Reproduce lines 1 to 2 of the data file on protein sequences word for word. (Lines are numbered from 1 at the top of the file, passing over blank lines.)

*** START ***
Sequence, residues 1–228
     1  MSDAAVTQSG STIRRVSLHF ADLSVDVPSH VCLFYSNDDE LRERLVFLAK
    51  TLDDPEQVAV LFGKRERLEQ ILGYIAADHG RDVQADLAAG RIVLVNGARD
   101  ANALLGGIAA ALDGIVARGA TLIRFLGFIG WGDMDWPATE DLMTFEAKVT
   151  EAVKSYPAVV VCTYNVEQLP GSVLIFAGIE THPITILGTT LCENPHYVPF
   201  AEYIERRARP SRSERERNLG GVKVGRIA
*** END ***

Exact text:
Sequence, residues 1–228
     1  MSDAAVTQSG STIRRVSLHF ADLSVDVPSH VCLFYSNDDE LRERLVFLAK